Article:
Comprehensive Fighting Systems was founded by Chad McBroom for the purpose of promoting and teaching effective, comprehensive fighting methods. The term comprehensive, means “complete, including all or nearly all aspects of the subject at hand.” It is the mission of Comprehensive Fighting Systems to research various fighting models and extract the essential elements to produce highly effective martial artists that are not bound by martial arts tradition. While many "blended" martial arts try to add more and more "techniques" from other arts; CFS strives to reduce all fighting methods down to their common movements, analyze those movements, train the movements, and explore the endless practical applications of those movements. In the words of Albert Einstein, "Any intelligent fool can make things bigger and more complex. . . It takes a touch of genius—and a lot of courage—to move in the opposite direction."
The cracked skull is a symbol of mortality. It serves as a reminder to the practitioner that the combat arts are deadly. He or she must live with the outcome of any physical confrontation in which he or she becomes engaged. Life is sacred. Deadly force should only be used to protect the life of another human being. The skull also serves as a reminder of one's own mortality.
The wings behind the skull represent freedom—freedom to evolve as an individual martial artist, freedom to learn from various teachers and systems, freedom from the bonds of martial arts tradition.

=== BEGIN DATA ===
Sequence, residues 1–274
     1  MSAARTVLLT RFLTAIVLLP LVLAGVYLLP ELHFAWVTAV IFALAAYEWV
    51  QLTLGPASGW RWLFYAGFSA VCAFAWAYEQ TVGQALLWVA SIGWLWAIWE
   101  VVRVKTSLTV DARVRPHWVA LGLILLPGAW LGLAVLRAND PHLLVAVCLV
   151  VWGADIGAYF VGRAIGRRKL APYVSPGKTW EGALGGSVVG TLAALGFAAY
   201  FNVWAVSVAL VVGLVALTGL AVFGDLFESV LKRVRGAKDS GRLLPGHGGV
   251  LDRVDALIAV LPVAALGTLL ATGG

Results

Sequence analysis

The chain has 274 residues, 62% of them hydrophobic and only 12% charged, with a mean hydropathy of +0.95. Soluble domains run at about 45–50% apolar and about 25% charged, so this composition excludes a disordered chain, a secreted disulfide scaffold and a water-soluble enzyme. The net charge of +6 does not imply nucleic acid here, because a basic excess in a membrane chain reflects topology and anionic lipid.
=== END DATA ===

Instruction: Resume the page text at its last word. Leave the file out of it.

The crossed sticks represent the heavy influence of the Filipino Martial Arts.
The two knives represent the blade arts that have influenced CFS. The designs of the knives are significant as well. The blade on the left is the Libre Fighter MKII designed by Eric Kramer with input from Scott Babb, founder of Libre Fighting. The blade on the right is the Apache Falcon designed by Snake Blocker. These two knives represent the two blade systems that have had the largest influence on the CFS blade arts: Libre Fighting and Apache Knife Fighting.
The triangle is a significant structure in the Silat, Wing Chun Kung Fu, Kenpo, and the Filipino Martial Arts. Applications of the triangle are found in defensive and offensive tactical strategies including footwork, stances, blocking, disarms, balance, power, and body structures.
The dark red color of the wings represents the blood of warriors that has been shed in combat. It is through the blood of battle that the fighting arts continue to evolve.
The Comprehensive Fighting Systems motto is the Latin phrase: "E Pluribus Unum. Ex Uno Plures." which is translated "Out of Many, One. Out of One, Many." The first portion of the motto, "E Pluribus Unum," relates to the synergistic nature of CFS. Every single martial art system is nothing more than a fighting model—a vehicle to teach the practitioner the ways of combat relative to the culture, weaponry/armor, geographical location, enemy, moral code, and physical abilities and limitations of the people for whom it was intended.